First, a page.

The University of Missouri Veterinary Health Center is pleased to offer minimally invasive procedures to treat blockages, shunts, some tumors and tracheal collapse.
Who can be helped?
These new interventional procedures have the potential to help dogs and cats with chronic degenerative and neoplastic conditions that previously could only be helped with medical management such as drugs or by limiting activity.
Using intraluminal stents, which function like tiny springs, MU veterinarians can open narrowed areas, such as a collapsed trachea, to improve breathing or offer relief from blockages caused by prostatic and bladder tumors, chronic kidney stones or colonic obstructions.
Minimally invasive procedures can also be used to close vascular anomalies including patent ductus arteriosus (PDA), intrahepatic portosystemic shunts, and peripheral arteriovenous fistulae and venous malformations. PDA, one of the most common congenital heart defects in dogs, involves the ductus arteriosus, a blood vessel that normally closes shortly after birth. When it fails to close, it can lead to congestive heart failure within a year. Intrahepatic portosystemic shunts are abnormal blood vessels in the liver. Peripheral arteriovenous fistulae and venous malformations are abnormal vascular connections that can cause localized swelling, skin discoloration, ulceration and, in some cases, heart failure.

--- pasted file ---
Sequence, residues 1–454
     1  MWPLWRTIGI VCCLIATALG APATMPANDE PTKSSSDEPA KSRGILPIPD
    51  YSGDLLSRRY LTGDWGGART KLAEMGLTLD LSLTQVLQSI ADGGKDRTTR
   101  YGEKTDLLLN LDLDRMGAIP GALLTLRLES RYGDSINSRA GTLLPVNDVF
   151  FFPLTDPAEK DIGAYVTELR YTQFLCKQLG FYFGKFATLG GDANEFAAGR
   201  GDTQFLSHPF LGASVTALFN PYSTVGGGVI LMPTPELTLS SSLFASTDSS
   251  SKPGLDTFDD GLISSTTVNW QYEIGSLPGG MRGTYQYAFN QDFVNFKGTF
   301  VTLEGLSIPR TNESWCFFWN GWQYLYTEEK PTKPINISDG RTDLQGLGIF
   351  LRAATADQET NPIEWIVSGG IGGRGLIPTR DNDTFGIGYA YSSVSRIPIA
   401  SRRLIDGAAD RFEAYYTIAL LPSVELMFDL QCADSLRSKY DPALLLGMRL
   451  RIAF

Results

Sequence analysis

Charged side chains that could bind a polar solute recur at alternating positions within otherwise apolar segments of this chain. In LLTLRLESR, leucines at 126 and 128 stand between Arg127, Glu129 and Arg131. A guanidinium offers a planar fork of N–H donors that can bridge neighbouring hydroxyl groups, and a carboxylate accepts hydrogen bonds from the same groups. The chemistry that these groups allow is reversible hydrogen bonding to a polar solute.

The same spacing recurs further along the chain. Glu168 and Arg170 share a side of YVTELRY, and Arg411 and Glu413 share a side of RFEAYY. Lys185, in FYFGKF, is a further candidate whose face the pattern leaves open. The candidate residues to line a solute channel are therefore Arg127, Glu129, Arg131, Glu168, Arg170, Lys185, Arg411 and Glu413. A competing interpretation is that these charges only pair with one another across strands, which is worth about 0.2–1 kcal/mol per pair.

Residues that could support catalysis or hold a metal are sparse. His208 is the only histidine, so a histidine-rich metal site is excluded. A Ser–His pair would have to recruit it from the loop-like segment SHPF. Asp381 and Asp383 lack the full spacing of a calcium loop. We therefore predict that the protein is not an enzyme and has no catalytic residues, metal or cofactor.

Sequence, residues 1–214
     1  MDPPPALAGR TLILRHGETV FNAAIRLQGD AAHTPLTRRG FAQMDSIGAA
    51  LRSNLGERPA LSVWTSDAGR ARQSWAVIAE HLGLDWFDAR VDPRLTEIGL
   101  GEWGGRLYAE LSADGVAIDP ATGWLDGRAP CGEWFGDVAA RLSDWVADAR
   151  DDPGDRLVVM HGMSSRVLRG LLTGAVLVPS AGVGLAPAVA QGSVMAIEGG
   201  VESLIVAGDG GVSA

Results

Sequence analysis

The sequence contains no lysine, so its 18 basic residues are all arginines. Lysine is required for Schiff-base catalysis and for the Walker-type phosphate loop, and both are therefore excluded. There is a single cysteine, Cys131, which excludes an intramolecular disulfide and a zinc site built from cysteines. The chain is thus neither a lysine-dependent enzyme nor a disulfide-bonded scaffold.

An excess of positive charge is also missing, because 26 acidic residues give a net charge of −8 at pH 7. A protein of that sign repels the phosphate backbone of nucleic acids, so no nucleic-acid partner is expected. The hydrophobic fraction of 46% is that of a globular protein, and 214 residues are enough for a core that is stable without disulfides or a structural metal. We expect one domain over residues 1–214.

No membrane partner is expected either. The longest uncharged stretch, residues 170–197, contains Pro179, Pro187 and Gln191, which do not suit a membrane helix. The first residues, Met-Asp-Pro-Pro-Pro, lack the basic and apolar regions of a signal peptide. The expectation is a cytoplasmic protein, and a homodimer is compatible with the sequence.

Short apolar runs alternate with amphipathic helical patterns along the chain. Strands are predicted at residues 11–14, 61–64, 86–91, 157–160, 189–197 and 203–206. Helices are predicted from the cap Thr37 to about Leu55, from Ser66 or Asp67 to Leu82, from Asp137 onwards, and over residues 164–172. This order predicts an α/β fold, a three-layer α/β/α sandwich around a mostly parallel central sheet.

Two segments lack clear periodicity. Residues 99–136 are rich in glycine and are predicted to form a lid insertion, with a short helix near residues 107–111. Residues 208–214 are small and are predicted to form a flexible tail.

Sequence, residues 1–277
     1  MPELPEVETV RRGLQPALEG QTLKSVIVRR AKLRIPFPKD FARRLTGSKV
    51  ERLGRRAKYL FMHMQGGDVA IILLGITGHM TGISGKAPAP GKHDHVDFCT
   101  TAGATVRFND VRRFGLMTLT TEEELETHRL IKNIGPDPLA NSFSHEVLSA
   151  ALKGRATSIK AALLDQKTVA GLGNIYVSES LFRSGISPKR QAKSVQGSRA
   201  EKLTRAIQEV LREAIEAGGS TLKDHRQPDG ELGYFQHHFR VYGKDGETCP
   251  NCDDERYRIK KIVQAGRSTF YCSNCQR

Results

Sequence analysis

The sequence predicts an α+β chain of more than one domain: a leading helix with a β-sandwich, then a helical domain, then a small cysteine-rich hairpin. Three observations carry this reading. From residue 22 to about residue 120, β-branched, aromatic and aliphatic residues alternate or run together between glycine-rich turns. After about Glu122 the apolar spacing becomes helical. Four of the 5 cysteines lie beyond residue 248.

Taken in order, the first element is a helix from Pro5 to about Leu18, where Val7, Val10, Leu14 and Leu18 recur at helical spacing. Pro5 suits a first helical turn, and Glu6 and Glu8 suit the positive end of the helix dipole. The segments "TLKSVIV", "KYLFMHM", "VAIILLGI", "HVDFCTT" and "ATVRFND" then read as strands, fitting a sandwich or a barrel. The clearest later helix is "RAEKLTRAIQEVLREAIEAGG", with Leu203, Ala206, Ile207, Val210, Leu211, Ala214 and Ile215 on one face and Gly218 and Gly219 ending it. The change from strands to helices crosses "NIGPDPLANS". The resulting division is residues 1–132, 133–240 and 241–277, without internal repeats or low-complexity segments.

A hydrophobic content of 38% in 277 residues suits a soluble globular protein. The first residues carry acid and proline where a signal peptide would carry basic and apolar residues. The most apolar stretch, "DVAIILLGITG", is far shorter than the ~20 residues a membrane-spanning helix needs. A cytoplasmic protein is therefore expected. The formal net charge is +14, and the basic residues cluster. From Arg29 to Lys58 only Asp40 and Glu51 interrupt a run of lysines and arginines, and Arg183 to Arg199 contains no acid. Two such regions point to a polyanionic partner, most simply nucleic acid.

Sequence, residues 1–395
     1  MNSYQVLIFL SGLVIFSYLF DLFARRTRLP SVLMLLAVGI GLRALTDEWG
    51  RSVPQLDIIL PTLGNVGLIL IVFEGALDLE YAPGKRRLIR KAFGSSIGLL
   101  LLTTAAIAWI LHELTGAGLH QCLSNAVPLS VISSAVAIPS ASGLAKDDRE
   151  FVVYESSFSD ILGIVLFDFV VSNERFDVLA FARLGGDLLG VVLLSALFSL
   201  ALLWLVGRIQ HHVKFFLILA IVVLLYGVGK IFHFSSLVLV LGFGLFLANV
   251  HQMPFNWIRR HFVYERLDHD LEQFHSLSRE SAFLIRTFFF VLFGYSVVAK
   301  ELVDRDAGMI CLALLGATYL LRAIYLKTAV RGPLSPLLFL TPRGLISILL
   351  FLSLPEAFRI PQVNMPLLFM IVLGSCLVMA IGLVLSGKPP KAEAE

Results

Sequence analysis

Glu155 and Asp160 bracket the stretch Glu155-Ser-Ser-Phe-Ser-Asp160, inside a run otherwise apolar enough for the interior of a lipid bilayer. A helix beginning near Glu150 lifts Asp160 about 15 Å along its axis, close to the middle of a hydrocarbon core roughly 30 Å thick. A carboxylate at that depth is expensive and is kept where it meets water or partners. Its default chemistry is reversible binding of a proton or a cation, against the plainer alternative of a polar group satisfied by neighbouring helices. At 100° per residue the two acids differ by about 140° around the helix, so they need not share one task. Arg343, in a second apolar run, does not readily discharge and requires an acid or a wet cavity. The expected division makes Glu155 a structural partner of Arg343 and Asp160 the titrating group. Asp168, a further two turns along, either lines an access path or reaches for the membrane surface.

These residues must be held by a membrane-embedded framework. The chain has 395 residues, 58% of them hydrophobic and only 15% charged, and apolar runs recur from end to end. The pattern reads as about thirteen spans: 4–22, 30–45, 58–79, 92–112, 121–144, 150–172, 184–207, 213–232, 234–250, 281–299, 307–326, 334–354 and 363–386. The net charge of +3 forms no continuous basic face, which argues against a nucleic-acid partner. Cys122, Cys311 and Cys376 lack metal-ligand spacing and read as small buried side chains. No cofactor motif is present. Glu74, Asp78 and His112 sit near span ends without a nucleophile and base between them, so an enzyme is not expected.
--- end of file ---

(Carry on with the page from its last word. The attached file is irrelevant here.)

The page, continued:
Previously, repair of these defects required major surgery. These procedures are performed with minimal incisions, or in some cases none at all.
We now offer the following procedures:
- Laser correction of ectopic ureters
- Pacemaker implantation
- Balloon valvuloplasty
- Subcutaneous ureteral bypass device implantation
- Tracheal stenting
- Urethral stenting
- Ureteral stenting
- Intrahepatic portosystemic shunt occlusion
- Patent ductus arteriosus occlusion
- Temporary nephrostomy drainage catheters for renal obstruction with pyelonephritis
These treatments primarily offer palliative care to sick animals. However, in some instances they open the door for additional treatment options. For example, dogs with prostatic cancer may not be suitable for enrollment in cancer treatment trials if they cannot urinate; placing a stent to relieve that obstruction would make them eligible for these trials.
For more information, call 573-882-7821.